West of Reforma, Calle Hidalgo becomes the Puente de Alvarado. This was once one of the main causeways leading out of Tenochtitlán, across the lake which surrounded it, and was the route by which the Spanish attempted to flee the city on Noche Triste (Sad Night), July 10, 1520. Following the death of Moctezuma, and with his men virtually under siege in their quarters, Cortés decided to escape the city under cover of darkness. It was a disaster: the Aztecs cut the bridges and, attacking the bogged-down invaders from their canoes, killed all but 440 of the 1300 Spanish soldiers who set out, and more than half their native allies. Greed, as much as anything, cost the Spanish troops their lives, for in trying to take their gold booty with them they were, in the words of Bernal Díaz, “so weighed down by the stuff that they could neither run nor swim”.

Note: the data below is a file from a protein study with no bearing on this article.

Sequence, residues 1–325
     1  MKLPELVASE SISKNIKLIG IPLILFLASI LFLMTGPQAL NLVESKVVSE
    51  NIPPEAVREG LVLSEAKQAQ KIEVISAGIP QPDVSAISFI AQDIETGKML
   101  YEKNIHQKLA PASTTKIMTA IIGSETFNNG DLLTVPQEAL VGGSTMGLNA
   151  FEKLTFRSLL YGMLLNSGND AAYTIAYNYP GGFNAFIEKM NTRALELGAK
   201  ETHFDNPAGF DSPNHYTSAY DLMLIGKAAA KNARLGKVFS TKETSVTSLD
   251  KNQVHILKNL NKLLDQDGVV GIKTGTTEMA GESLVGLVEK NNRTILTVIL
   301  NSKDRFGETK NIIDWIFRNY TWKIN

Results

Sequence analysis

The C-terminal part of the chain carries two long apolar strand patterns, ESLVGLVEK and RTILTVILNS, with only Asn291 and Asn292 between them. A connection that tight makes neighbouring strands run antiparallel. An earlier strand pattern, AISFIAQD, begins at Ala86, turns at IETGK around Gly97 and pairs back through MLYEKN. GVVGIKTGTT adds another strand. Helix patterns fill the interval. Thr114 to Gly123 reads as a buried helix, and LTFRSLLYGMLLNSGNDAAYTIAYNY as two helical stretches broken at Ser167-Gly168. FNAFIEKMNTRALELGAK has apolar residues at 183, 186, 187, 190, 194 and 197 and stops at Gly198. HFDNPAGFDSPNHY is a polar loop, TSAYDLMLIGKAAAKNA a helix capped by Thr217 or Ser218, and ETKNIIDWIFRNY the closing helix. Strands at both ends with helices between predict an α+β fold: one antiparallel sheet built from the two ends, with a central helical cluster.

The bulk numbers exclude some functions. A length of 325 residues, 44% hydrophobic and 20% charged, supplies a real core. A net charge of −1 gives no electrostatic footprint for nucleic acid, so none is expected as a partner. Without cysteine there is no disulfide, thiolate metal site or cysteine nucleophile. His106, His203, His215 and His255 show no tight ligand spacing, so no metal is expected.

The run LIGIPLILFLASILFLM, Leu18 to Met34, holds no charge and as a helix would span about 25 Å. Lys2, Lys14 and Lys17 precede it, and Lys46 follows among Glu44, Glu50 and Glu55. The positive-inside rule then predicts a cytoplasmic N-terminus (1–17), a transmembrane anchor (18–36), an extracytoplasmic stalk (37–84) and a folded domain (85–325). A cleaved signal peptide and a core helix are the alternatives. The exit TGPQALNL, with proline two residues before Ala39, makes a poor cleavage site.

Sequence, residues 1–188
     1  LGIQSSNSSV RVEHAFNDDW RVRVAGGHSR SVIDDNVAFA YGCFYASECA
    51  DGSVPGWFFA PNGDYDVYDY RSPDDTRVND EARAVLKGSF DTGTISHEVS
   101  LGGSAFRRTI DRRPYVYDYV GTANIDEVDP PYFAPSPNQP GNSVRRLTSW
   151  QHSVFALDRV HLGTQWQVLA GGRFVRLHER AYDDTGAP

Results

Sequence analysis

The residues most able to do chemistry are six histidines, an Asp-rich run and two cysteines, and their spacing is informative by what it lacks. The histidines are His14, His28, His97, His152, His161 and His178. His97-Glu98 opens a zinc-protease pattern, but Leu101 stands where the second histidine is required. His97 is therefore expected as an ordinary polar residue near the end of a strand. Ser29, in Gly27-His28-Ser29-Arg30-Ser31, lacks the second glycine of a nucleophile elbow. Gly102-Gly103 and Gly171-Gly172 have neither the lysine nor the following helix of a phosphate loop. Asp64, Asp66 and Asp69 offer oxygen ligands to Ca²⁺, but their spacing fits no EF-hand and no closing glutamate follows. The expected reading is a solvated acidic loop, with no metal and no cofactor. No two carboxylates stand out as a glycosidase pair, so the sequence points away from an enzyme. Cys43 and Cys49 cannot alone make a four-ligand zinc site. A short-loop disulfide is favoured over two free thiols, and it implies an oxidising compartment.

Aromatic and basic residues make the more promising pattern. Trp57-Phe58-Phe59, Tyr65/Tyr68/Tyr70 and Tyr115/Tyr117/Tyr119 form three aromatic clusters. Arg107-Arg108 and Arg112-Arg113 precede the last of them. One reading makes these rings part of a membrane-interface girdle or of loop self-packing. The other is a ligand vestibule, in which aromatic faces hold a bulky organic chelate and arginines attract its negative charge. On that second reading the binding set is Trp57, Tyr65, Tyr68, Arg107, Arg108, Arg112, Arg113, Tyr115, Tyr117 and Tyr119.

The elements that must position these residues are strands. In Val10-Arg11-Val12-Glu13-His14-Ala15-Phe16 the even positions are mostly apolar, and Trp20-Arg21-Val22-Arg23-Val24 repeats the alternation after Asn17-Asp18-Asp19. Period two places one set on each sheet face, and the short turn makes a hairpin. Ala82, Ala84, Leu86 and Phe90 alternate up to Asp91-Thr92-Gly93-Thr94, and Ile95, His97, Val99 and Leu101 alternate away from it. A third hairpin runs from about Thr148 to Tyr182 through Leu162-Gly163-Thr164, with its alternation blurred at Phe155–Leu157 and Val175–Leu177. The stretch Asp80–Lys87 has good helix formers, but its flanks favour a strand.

The street takes its name from Pedro de Alvarado, one of the last conquistadors to escape, crossing the broken bridge “in great peril after their horses had been killed, treading on the dead men, horses and boxes”. In 1976, a gold bar like those made by Cortés from melted-down Aztec treasures was dug up in Calle Tacuba. It’s now in the Museo Nacional de Antropología. Without doubt, it was part of the treasure being carried by one of the conquistadores attempting to flee the city – a treasure which, as in all good treasure stories, ended up putting a curse on its robbers.

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